It’s too early to say that the coronavirus is no longer a threat.
As more US States lift restrictions related to the spread of COVID-19, Johns Hopkins University reports that at least 20 states have seen an increase in the number of new infections over the past two weeks. The virus is still not ready to go, according to public health authorities.
According to the Associated Press, last Monday in 21 States, the average number of new infections per capita over the past seven days was higher than the average for the previous period.
A representative of the Kaiser Foundation, Joshua Michaud, says that it is not necessary, to sum up such jumps under the common denominator. He calls the increase in the number of cases “microepidemias,” each of which is caused by different causes.
In some cases, increased testing leads to an increase in the number of infected people. In other cases, there are local outbreaks that negatively affect the overall statistics. However, experts believe that at least some of these outbreaks are related to the gradual lifting of restrictions previously imposed by the authorities to contain the spread of the virus.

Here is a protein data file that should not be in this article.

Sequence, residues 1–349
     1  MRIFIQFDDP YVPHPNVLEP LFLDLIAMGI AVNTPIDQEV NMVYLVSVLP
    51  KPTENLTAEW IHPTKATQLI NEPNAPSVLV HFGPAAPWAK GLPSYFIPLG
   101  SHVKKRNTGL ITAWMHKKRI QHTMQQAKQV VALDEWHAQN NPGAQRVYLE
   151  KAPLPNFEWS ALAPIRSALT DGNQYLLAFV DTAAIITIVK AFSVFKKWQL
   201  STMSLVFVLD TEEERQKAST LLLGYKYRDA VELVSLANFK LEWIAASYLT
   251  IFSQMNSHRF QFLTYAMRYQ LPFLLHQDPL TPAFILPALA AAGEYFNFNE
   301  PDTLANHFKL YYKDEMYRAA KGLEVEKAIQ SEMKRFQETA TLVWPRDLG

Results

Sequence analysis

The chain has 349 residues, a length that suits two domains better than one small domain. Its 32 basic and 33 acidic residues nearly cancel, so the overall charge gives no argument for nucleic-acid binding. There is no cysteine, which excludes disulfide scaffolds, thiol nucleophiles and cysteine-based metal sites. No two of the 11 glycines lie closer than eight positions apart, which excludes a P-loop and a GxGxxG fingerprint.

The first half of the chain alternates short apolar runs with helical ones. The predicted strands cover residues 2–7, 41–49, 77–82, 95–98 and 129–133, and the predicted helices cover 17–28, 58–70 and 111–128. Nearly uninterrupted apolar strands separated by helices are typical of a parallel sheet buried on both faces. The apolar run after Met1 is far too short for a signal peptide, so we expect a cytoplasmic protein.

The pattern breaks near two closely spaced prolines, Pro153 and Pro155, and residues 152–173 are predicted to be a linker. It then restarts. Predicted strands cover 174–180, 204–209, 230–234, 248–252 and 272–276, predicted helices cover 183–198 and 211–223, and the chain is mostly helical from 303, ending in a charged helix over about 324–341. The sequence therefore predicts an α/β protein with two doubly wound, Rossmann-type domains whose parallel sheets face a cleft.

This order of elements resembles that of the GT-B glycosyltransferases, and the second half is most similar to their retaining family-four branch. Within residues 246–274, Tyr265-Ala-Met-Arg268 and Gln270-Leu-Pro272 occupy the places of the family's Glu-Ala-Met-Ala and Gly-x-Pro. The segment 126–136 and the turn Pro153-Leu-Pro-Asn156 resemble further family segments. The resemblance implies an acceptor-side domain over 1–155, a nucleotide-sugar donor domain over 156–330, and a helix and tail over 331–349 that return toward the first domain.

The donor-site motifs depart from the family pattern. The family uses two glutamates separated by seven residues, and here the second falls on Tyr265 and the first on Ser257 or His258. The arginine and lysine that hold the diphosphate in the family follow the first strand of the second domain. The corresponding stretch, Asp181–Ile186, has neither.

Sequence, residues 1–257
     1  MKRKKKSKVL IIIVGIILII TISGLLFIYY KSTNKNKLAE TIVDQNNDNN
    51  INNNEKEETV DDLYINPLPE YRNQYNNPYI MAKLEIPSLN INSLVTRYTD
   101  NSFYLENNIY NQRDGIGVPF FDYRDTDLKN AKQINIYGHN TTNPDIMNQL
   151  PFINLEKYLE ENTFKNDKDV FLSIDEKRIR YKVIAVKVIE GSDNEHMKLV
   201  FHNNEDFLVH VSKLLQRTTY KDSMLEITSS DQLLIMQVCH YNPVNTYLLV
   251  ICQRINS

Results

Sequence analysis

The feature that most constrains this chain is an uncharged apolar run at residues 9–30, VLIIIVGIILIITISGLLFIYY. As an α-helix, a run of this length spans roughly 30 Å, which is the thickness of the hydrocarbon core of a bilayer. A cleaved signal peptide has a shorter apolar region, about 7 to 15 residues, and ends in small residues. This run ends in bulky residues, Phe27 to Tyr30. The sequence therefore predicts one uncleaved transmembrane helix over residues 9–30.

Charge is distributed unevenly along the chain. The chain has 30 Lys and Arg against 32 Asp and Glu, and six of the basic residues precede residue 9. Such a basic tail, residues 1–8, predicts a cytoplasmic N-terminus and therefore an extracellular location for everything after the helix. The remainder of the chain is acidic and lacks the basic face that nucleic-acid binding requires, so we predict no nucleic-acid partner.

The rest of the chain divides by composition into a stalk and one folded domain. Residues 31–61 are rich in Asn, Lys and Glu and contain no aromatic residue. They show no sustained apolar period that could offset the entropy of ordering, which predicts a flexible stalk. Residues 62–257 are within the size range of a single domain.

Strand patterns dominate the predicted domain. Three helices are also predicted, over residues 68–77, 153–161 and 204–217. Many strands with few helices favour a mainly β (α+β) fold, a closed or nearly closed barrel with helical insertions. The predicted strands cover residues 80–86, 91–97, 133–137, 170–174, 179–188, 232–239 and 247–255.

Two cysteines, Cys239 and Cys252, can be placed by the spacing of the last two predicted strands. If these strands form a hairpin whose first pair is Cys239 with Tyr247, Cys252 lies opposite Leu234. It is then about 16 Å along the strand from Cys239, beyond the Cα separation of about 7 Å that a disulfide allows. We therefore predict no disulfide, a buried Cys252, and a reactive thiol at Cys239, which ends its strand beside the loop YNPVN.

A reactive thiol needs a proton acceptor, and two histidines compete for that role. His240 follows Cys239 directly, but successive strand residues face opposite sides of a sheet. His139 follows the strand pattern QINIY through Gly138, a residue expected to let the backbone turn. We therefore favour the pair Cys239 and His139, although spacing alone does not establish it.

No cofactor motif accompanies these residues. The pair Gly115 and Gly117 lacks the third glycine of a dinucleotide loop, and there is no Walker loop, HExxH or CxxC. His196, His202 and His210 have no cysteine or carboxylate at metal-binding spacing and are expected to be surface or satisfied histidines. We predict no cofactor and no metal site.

The most significant increase is observed in Arizona and Texas, where the number of hospitalized patients with COVID-19 is now a record. The North Carolina Governor said that the recent rise in infections has forced him to reconsider his plan to open schools and businesses.
In northeastern Massachusetts, where there was a steady decline in infections during May, there has been a sharp jump in the past two weeks. Harvard University epidemiologist William Hanage warns that although regions such as the North-East of the US have passed the first wave, this “does not mean that it is over.”
Experts are monitoring what will happen next week, after nationwide protests over the death of George Floyd.